Flint, MI Mayor declares a state of emergency over lead in drinking water, this after 20 months of resident complaints about the water quality. The emergency results, apparently, from Flint's drawing its drinking water from the Flint River rather than Detroit's water supply, though Flint has been reconnected to Detroit's water since October. Flint residents have also sued state and municipal officials, saying that the botched switch to Flint River water deprived them of their rights under the 14th Amendment of the U.S. Constitution (that would be the bit that reads "nor shall any State deprive any person of life, liberty, or property, without due process of law").
Dean Baker tells us why we shouldn't privatize Fannie Mae and Freddie Mac. Simply put, allowing private banks to offer securities backed by mortgages and guaranteed by our government will induce exactly the sort of Wild West behavior that proponents of privatization supposedly want us to avoid. Remember, when the stock market crashed, how grateful you were that we didn't privatize Social Security? I think that was a lesson.
Woodland (VA) town council votes against rezoning a residential/agricultural area to a manufacturing area so that a solar farm could operate there -- after hearing from residents that the solar farms stop photosynthesis, "suck up all the energy from the sun" and cause cancer. It's a damn shame when the longtime resident who blames the town's three existing solar farms for declining property values and job loss comes off as the smartest person in the room. And it is, of course, completely impossible that any of these folks could be paid shills for the fossil-fuel industry.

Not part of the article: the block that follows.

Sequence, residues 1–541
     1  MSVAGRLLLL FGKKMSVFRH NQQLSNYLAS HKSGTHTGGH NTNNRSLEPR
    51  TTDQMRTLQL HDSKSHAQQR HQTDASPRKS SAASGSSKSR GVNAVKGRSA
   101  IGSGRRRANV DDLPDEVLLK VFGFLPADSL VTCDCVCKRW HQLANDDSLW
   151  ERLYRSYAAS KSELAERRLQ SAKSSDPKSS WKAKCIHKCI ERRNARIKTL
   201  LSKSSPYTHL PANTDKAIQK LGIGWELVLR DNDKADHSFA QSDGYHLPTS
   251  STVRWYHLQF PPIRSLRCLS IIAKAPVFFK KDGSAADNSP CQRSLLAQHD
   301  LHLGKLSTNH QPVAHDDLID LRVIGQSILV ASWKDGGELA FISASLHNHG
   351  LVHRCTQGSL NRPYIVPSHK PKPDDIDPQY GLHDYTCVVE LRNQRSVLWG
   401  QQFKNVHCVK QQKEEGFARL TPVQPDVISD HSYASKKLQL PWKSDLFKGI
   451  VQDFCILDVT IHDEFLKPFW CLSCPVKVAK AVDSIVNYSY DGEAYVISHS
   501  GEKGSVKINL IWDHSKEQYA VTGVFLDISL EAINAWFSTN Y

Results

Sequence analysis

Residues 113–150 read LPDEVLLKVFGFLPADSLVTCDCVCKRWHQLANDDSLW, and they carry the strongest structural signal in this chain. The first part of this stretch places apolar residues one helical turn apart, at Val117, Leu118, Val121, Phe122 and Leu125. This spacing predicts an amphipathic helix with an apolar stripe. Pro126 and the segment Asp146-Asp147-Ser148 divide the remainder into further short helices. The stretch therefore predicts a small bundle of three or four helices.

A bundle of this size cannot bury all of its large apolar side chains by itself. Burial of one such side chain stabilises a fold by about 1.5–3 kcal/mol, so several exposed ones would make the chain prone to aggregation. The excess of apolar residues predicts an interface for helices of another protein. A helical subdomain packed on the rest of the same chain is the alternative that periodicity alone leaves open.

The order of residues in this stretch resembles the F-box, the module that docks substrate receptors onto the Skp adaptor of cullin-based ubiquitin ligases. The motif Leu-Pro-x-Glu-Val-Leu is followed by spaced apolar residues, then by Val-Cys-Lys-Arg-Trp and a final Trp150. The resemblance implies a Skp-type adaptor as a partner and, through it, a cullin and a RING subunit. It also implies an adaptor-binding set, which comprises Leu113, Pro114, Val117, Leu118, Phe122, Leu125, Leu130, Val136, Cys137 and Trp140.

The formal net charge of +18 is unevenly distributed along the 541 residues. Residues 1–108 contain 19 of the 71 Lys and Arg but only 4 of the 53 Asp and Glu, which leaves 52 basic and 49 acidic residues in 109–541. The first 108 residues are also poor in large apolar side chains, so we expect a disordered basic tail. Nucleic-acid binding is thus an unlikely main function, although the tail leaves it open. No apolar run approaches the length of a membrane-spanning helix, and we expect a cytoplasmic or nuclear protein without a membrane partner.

Sen. Bob Corker (R-TN) has, per the Wall Street Journal, underreported his income by some $4 million over the last eight years, saying the 83 amendments to his financial disclosure forms resulted from "filing errors." I'm a little stunned that the Journal published this story, when Mr. Corker has been one of the banksters' most steadfast defenders during his two terms in the Senate.
Finally, the U.S. Senate unanimously passes S. 2044, the Consumer Review Freedom Act, which would prevent corporations from silencing customers who write negative reviews of their products. One shudders at the histrionics the House could employ to avoid considering this bill, given that even a Republican-controlled Senate passed the bill unanimously, but the Senate's action represents progress.